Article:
Maurice Woods and Jen Cotton, Inneract Project
"Yes, there could be more designers of color. But I think there are enough designers of color to be able to promote and provide leadership positions," says Maurice Woods, founder of the Inneract Project.
At Inneract Project, Woods and Jen Cotton, a member of the board, help kids learn about the field of design and then mentor them when they join the workforce. One of the biggest issues they see is that companies aren't willing to elevate the talent they already have.
"I know personally people who have been trying to get manager positions for a long time who can't get that promotion," Woods says. "One of the things I'd love to see is just more opportunity for designers of color to get paid and promoted. This is just making sure that's equal. To me, that's not a hard thing! If my white counterpart is making that, shouldn't I be able to make that?"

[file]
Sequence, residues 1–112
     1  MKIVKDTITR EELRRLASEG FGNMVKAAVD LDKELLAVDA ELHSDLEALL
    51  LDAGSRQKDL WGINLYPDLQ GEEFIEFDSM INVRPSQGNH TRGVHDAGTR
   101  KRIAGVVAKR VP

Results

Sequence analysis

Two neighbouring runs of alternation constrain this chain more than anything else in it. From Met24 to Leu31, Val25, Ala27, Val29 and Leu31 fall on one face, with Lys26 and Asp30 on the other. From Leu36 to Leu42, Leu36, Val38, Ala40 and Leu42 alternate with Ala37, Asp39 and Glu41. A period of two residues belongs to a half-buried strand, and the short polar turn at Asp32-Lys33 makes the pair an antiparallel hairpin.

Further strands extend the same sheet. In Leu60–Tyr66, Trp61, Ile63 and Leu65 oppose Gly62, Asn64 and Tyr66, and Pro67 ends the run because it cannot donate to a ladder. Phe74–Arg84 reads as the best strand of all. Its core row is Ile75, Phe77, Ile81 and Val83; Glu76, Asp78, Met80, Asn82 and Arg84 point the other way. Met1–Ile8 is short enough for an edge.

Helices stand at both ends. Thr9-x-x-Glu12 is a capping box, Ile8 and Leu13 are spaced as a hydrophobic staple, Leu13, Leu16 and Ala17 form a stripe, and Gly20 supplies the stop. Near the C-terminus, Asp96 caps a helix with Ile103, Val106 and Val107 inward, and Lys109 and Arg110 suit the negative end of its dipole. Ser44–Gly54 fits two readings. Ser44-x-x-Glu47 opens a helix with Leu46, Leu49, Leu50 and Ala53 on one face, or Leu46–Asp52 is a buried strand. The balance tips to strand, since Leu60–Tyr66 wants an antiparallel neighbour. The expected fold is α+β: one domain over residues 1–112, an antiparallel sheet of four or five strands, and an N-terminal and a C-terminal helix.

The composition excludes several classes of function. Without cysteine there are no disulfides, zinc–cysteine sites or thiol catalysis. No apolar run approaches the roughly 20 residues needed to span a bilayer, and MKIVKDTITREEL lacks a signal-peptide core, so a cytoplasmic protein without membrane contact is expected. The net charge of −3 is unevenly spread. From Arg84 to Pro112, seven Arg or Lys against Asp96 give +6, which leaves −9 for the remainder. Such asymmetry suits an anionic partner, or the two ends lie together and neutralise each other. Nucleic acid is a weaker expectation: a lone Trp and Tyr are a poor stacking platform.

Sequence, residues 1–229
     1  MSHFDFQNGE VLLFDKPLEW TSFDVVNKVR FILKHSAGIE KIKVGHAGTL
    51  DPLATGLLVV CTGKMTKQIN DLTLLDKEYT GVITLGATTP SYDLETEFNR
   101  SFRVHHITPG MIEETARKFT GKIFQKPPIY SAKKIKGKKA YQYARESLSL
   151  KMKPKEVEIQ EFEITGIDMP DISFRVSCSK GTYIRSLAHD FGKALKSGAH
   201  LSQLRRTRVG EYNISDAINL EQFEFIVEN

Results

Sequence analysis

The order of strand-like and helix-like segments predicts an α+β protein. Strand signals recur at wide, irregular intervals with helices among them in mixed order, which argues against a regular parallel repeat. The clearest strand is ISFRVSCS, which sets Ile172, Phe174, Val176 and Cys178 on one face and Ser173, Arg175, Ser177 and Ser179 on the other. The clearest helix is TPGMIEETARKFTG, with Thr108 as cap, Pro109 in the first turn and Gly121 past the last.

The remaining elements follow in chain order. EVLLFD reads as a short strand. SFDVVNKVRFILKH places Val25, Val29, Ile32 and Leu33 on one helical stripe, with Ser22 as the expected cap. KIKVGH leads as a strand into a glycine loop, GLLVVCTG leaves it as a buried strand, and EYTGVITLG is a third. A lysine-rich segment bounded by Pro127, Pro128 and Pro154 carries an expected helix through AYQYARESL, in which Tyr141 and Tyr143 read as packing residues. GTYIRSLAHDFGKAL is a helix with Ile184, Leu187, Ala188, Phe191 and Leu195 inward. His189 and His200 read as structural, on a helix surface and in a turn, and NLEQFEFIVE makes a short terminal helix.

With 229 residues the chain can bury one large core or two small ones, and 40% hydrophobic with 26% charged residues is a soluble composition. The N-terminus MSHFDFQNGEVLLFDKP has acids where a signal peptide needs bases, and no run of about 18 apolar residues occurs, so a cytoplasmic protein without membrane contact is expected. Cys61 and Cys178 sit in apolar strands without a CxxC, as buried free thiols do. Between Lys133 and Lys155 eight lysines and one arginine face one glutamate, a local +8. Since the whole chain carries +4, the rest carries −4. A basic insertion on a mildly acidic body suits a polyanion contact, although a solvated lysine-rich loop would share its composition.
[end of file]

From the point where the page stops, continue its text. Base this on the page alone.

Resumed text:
These disparities are especially pronounced in tech, Cotton says: "If we just leveled it off, especially in tech, that sets up BIPOC kids up for success. That generational wealth happening in tech is massive. The amount to change your life is really a lot. And I find a lot of my friends who are people of color in the industry end up supporting a lot of their family. For my white male counterpart, that check goes entirely into his bank account. I'm dealing with systemic and racial wealth inequalities. My money goes to my mom, my cousin, whatever."